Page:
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Prime Minister, premiers meet over controversial Trans Mountain pipeline

Prime Minister, premiers meet over controversial Trans Mountain pipeline

"This is something that we continue to be committed to - working with Indigenous peoples on building a better, more sustainable future for all Canadians is at the heart of what this government does".

Canadian Prime Minister Justin Trudeau has put his Liberal government squarely behind the Kinder Morgan Trans Canada pipeline - angering environmentalists and empowering the oil-rich province of Alberta. "My responsibility is to defend our coasts and to defend the interests of British Columbians, and I'll do that until I'm no longer the premier", he said.

Despite the number of First Nations communities that have a stake in the project - whether they have negotiated benefit agreements with Kinder Morgan or have been protesting at the Burnaby construction site - there were no Indigenous leaders at the meeting on Sunday. The company said it would make a final decision on the pipeline by May 31.

She confirmed Alberta's interest in financially backing the Trans Mountain expansion, even going so far as buying out the $7.4 billion project.

At a press conference following the meeting, Notley said that the "constitutional crisis" she says creating costs almost $40 million a day.

Notley called B.C.'s actions a "considered attempt to create uncertainty" and said Alberta won't engage in "esoteric debates" meant to "to harass a project to death".

Speaking before the meeting, a federal government source said past examples of help included a bailout of the auto industry in 2009, federal loan guarantees for a hydro-electric project and Ottawa's investment in an offshore energy project. "We have important discussions ahead, and I'm looking forward to it", Trudeau said at the outset of the session with Alberta Premier Rachel Notley and B.C. Premier John Horgan.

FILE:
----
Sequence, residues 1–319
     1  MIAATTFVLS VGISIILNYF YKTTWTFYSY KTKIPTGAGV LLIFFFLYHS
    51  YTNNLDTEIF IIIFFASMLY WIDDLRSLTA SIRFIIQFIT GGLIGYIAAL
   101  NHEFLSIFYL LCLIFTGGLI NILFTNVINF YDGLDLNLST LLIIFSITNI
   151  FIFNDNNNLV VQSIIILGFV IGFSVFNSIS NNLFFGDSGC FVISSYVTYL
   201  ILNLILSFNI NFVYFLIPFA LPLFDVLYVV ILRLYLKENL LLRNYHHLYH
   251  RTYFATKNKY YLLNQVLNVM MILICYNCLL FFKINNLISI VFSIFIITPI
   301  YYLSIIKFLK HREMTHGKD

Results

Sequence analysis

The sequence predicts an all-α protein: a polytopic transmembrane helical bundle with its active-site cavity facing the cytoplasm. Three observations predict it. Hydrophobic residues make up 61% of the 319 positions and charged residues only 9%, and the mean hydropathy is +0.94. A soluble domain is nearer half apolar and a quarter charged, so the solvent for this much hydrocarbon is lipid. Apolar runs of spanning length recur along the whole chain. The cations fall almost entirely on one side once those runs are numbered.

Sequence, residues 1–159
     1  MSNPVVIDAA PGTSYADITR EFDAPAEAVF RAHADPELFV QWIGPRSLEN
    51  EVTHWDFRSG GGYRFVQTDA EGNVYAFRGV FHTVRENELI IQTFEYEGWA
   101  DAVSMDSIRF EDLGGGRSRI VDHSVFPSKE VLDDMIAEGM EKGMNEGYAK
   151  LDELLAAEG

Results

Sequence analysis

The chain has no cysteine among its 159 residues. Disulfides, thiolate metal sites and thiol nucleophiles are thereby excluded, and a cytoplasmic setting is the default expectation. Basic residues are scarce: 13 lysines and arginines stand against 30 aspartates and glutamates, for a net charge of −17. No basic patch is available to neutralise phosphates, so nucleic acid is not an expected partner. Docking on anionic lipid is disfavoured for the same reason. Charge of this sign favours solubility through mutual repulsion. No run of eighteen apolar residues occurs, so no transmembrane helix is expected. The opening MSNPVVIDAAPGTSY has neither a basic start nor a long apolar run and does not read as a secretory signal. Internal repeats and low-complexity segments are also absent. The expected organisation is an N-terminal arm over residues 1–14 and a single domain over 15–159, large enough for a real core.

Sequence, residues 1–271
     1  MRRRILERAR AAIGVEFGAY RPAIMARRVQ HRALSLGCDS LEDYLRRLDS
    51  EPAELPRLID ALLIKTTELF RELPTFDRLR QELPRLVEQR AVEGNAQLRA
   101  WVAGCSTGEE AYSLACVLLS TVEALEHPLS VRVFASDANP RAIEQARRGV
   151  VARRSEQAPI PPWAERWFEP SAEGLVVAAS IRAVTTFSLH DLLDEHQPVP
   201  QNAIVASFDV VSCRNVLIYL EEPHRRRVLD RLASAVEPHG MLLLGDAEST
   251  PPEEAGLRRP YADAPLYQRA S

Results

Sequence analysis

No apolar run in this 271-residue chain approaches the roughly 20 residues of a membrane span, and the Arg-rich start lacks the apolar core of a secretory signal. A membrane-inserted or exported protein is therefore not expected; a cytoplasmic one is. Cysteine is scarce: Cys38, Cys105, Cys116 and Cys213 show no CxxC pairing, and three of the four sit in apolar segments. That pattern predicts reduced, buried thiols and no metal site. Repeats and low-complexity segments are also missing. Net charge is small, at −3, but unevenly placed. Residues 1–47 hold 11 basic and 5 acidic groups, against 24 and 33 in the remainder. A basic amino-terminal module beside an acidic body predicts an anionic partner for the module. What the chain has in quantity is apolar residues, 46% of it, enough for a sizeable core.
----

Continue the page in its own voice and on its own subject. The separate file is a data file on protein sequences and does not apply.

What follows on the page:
Horgan and Trudeau did agree to "address the gaps" in the $1.5 billion federal Ocean Protection Plan.

The B.C. premier said the three-hour meeting was civil but that he did not budge on his opposition to the pipeline.

"It will be built", Trudeau told reporters, as he predicted work on the pipeline would begin again by early summer.

Notley simply stated that the pipeline "will be built".

The prime minister didn't shy away from criticizing Horgan.

- Legislative options - "We are actively pursuing legislative options that will assert, plus reinforce, the government of Canada's jurisdiction in this matter, which we know we clearly have", Mr Trudeau said.

"I don't think we would be in this current situation if the British Columbia government hadn't continued to emphasize its opposition to the project", Trudeau said.